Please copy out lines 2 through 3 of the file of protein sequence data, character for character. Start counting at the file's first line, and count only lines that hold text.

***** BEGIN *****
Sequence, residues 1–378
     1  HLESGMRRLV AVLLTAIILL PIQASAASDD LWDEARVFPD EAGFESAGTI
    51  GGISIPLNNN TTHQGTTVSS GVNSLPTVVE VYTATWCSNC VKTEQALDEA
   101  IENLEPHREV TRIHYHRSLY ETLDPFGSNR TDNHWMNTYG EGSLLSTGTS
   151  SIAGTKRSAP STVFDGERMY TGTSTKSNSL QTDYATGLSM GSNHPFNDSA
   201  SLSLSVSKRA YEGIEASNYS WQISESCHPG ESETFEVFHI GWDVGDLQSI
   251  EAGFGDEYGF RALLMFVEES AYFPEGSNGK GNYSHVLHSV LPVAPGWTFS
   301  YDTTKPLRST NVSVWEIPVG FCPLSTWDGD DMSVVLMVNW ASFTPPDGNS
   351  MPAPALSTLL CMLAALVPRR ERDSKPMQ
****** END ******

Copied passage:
     1  HLESGMRRLV AVLLTAIILL PIQASAASDD LWDEARVFPD EAGFESAGTI
    51  GGISIPLNNN TTHQGTTVSS GVNSLPTVVE VYTATWCSNC VKTEQALDEA